Help with an install.

Discussion in 'Camera Installation Questions' started by Uno, Apr 3, 2019.

Share This Page

  1. tangent

    tangent IPCT Contributor

    Joined:
    May 12, 2016
    Messages:
    3,832
    Likes Received:
    2,479
    The typical ADT installer wraps every alarm wire around a piece of romex at least six times and only uses holes through framing that already have romex in them (NEC be damned and cheaper than staples I guess). One of my personal favorite ADT gems at a house a relative bought was a siren installed inside the cold air return. In true ADT fashion, they used screws that were too long and protruded about 1/2" through the drywall into the room opposite the vent. This ADT installer couldn't even handle properly aligning some of the wireless sensors they installed (resulting in false alarms). How hard is it to line up two arrows?
     
    Last edited: Apr 24, 2019
    looney2ns and fenderman like this.
  2. Jose R.

    Jose R. Getting the hang of it

    Joined:
    Mar 14, 2019
    Messages:
    54
    Likes Received:
    30
    Location:
    Miami, FL
    This is likely due to the fact that ADT installers don't make as much as the ADT-comissioned door-knocker salesmen. If your alarm company is paying people commission to sell their product, the whole revenue stream is flowing in directions NOT beneficial to the customer.

    It's like "service writers" at car dealerships. Um, why is there a gate-keeper up front that's paid commision on services my car doesn't need? Of course you're gonna get screwed. That useless employee makes $100k! Talk directly to a mechanic, you don't need that salesman in the middle just making things more expensive and less honest.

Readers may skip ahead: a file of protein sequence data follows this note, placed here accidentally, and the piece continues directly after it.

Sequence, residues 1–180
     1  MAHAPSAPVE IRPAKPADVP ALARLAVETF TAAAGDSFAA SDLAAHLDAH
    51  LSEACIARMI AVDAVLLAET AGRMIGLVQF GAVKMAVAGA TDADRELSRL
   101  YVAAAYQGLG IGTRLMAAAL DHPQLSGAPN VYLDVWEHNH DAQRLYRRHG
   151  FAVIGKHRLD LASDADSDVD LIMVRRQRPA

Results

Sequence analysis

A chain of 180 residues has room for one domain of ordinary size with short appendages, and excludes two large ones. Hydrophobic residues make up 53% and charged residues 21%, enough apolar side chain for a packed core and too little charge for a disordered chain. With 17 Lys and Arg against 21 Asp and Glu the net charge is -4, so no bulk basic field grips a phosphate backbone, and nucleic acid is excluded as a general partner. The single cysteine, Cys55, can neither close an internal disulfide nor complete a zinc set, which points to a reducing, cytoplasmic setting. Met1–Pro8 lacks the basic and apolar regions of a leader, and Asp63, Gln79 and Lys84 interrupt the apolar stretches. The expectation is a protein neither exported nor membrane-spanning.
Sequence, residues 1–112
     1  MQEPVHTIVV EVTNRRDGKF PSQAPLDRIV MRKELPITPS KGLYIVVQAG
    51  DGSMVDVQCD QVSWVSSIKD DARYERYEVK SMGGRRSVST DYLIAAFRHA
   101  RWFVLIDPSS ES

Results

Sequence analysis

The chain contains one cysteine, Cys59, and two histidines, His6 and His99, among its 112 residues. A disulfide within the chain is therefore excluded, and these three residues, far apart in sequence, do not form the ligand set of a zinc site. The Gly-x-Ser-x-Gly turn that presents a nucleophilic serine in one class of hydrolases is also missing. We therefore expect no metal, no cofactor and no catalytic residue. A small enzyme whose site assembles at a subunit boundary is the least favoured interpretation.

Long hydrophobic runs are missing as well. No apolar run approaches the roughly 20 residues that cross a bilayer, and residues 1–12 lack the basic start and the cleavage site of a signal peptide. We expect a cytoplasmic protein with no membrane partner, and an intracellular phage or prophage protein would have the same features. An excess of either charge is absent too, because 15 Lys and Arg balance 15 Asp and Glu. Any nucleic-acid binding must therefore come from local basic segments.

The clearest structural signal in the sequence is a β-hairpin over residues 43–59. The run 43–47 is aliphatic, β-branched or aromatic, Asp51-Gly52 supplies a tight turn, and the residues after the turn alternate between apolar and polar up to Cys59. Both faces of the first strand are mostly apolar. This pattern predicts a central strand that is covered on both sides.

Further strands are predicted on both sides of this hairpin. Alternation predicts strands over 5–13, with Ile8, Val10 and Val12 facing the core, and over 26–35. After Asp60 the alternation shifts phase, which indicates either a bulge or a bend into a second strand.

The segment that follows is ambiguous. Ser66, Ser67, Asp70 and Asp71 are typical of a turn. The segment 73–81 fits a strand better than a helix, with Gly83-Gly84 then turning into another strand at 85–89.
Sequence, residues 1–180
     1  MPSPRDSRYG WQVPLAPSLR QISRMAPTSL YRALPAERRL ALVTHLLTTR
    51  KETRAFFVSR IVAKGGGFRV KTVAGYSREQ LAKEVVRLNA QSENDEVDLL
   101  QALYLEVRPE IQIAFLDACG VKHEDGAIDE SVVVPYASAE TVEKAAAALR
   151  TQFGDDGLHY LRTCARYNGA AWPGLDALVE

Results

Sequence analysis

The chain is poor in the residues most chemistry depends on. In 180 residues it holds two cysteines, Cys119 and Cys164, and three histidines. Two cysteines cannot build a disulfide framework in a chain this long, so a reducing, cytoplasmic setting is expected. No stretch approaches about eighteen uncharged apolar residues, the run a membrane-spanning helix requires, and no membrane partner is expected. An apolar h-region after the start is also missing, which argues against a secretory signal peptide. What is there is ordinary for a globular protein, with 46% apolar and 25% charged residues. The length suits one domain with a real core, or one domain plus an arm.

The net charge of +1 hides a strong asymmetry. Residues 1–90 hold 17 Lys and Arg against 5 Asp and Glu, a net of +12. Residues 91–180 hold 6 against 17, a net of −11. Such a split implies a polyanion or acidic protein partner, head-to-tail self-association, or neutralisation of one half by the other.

3. Uno

    Uno n3wb

    Joined:
    Apr 2, 2019
    Messages:
    26
    Likes Received:
    1
    Location:
    Michigan
    Hey Sorry, been a bit busy but here is the schematic of where I am thinking of placing the cameras. I am planning on using the Dahua IPC-HDW4831EM-ASE cameras with Blue Iris.
     

    Attached Files:

    • 1.pdf
      File size:
      3.2 MB
      Views:
      6
  4. Uno

    Uno n3wb

    Joined:
    Apr 2, 2019
    Messages:
    26
    Likes Received:
    1
    Location:
    Michigan
    Thanks for all the feedback guys. It has really helped me so far. As far as security system, the owner told me they would like to still go with ADT at their own risk. At this point, I would rather go with their wishes than to try to convince them otherwise (which I have tried multiple times, especially after reading everything about them on these forums). This way, if they are unhappy with ADT, they wont blame me :) I will make sure they don't do a half ass job and will look over their shoulders the entire install.

    As for hiring a security company, this home owner is really not interested in spending more money on this side of things so that is out of the question, too. And yes, you're right, everything that I am doing for them really was an after thought. They called me when most of the house was built and the electricians were almost done wiring.
    Again, I am doing all the AV wiring and now the security cameras, as well. Will be using HTD Lync 12 for whole house audio, smartthings for home automation with actiontiles, smart locks, smart doorbells, smart garage door openers, smart water shutoff valves, smart sprinkler system, automatic shades in the gym, installing all TVs and speakers, and programming. For now, I will leave the integration of the security system alone and hopefully do it later on when there is more information/trials of more experienced people. ADT supplies an app that can remotely control everything and the home owner is fine with that not being on actiontiles.
     
    Last edited: Apr 12, 2019
  5. tangent

    tangent IPCT Contributor

    Joined:
    May 12, 2016
    Messages:
    3,832
    Likes Received:
    2,479
    I suggest reading the wiki and cliff notes. I'd strongly recommend using mostly varifocal cameras. Often 2MP cameras outperform higher res cameras at night.